Title1729 Germanium transistors
DateCirca 1950 - 1951
ManufacturerWestern Electric Co.
|Other number||15C||On one of the pieces.|
|Other number||17C||On one of the pieces.|
|Other number||21C||On one of the pieces.|
|Other number||2C||On one of the pieces.|
|Other number||33C||On one of the pieces.|
|Other number||36C||On one of the pieces.|
|Other number||42C||On one of the pieces.|
|Other number||43C||On one of the pieces.|
|Other number||8C||On one of the pieces.|
Dimensionsoverall: 1/4 in x 2 in x 3 3/4 in
DescriptionThe object consists of nine pieces. The objects are cartridge-type, point-contact germanium transistors.
Per Jack Ward, Transistor Museum -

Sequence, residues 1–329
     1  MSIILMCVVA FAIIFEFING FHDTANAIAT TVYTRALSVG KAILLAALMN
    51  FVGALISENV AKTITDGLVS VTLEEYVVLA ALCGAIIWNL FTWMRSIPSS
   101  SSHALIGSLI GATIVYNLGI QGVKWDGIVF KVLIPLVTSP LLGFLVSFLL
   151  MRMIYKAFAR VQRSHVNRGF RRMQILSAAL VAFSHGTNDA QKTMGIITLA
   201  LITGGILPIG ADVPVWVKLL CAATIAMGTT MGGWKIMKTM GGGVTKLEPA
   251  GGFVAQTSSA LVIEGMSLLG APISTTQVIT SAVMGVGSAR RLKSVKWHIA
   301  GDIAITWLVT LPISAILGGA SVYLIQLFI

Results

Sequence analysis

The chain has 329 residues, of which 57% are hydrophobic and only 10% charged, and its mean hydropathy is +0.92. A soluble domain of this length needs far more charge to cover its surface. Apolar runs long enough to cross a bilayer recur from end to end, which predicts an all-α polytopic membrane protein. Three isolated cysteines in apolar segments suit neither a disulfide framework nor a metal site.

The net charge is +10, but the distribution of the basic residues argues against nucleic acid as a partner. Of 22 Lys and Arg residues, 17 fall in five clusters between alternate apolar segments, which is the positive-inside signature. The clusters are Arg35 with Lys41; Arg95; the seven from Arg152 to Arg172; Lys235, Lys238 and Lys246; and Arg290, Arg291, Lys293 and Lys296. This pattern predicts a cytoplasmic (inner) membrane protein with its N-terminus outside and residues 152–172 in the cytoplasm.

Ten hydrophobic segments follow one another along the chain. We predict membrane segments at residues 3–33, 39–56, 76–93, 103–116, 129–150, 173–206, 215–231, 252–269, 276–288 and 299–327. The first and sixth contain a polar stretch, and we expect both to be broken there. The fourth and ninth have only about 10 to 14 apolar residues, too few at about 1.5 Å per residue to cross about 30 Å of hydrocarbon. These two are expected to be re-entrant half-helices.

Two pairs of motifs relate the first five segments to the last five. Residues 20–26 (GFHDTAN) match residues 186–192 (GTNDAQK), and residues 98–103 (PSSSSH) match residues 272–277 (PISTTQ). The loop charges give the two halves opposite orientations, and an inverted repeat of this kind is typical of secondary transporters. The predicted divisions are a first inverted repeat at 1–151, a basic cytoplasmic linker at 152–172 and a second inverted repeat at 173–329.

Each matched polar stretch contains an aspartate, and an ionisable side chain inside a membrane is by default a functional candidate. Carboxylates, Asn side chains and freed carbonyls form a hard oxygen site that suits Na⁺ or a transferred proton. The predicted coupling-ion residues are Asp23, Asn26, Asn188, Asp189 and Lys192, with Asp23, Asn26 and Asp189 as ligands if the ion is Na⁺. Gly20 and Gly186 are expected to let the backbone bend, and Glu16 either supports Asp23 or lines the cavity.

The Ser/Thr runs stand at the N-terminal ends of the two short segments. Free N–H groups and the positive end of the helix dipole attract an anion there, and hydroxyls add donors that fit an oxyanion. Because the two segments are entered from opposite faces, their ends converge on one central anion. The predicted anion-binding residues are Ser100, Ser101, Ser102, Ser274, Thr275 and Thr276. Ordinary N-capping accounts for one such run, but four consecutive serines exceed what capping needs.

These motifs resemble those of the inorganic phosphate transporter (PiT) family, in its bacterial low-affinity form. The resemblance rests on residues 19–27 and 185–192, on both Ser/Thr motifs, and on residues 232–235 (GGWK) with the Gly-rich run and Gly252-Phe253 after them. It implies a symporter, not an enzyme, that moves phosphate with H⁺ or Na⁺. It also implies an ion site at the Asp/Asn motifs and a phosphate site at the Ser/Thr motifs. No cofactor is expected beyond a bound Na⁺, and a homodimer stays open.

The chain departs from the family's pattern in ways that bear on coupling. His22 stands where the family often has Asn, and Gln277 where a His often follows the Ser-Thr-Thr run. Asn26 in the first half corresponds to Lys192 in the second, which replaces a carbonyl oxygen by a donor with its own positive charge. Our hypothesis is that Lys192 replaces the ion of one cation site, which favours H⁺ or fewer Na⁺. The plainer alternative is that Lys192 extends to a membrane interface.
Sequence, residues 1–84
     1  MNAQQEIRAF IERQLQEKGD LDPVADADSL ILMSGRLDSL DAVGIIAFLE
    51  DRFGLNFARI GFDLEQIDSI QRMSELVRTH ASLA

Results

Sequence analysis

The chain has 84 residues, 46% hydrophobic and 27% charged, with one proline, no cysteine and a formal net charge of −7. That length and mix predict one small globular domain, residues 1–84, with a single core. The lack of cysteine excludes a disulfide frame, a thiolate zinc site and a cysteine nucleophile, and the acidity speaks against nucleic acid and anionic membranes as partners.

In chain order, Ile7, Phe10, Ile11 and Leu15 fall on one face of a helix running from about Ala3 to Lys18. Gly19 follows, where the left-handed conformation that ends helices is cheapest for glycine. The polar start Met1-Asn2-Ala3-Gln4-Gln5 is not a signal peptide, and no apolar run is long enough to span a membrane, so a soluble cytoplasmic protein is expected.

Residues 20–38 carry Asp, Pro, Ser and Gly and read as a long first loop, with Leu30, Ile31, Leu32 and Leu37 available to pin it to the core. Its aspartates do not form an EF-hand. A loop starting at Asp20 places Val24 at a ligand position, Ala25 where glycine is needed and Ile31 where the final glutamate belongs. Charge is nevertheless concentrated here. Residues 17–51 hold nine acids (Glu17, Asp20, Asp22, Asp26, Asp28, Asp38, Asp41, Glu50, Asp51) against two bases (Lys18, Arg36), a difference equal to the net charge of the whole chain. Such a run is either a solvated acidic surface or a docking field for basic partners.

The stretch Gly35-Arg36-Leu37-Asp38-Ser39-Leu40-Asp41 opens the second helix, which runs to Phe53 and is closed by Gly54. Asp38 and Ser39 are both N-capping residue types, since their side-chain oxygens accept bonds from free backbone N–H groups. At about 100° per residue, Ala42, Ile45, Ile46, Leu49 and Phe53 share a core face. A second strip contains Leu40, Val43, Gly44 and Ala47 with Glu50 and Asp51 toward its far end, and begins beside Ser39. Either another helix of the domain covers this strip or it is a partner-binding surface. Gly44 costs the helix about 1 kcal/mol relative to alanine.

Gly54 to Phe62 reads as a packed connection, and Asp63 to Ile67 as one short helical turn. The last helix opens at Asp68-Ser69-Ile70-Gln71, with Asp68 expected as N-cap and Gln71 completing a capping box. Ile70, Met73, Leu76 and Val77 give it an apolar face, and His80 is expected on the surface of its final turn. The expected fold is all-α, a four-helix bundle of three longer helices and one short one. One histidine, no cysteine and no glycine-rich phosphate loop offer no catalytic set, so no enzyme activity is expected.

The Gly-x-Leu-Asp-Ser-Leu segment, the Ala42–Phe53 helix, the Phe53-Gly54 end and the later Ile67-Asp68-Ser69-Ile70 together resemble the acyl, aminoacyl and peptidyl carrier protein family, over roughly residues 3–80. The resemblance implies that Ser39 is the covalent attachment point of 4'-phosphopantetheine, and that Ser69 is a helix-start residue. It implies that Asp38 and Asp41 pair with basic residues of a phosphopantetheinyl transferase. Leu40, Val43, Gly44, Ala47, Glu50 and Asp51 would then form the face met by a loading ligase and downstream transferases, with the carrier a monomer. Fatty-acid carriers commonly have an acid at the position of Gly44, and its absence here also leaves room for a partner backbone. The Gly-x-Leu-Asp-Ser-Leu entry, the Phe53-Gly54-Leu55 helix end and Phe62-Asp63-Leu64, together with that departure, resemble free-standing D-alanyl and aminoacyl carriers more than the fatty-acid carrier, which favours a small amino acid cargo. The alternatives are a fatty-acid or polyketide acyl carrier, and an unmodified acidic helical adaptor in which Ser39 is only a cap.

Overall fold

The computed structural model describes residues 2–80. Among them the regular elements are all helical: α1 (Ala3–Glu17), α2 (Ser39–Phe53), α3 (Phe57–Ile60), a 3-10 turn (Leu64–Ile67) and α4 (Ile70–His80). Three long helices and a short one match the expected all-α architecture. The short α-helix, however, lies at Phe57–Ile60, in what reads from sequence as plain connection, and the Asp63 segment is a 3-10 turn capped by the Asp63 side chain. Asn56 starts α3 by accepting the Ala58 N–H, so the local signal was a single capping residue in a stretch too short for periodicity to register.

"Western Electric Pre-Production Type 1729 (9 pieces), developmental germanium PNP point contact transistors. 1951-1953. Shortly after the June 1948 public announcement of the invention of the transistor by Western Electric, this legendary company began development of initial pre-production devices, more robust that the first experimental units, that could be used by device engineers and circuit designers to better understand the performance characteristics of this new technology. One of the first of these pre-production types was the 1729, with exploratory data sheets dated as early as 1951. These 9 units in this lot are very early examples of the metal cartridge case style developed by Western Electric for the first production point contact transistors. The 1729 was used extensively for circuit application development purposes and was later released as the more standard 2N25 type. One of the units in this lot is hand labeled as “1729” – the other units have more formal paper labels identifying these units with a number “id”. This methodology suggests that these units were used in an engineering study. Rare – these types of pre-production point contact transistors were produced only in the early 1950s and the few remaining units provide a “hands-on” look at the first transistors."